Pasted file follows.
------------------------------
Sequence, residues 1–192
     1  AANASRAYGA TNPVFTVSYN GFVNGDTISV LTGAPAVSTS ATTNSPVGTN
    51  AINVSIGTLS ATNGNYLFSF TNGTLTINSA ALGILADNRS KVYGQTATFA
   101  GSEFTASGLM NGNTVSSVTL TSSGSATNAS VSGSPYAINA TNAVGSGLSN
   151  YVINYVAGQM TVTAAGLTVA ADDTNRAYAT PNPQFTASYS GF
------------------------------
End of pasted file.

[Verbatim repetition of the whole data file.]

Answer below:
Sequence, residues 1–192
     1  AANASRAYGA TNPVFTVSYN GFVNGDTISV LTGAPAVSTS ATTNSPVGTN
    51  AINVSIGTLS ATNGNYLFSF TNGTLTINSA ALGILADNRS KVYGQTATFA
   101  GSEFTASGLM NGNTVSSVTL TSSGSATNAS VSGSPYAINA TNAVGSGLSN
   151  YVINYVAGQM TVTAAGLTVA ADDTNRAYAT PNPQFTASYS GF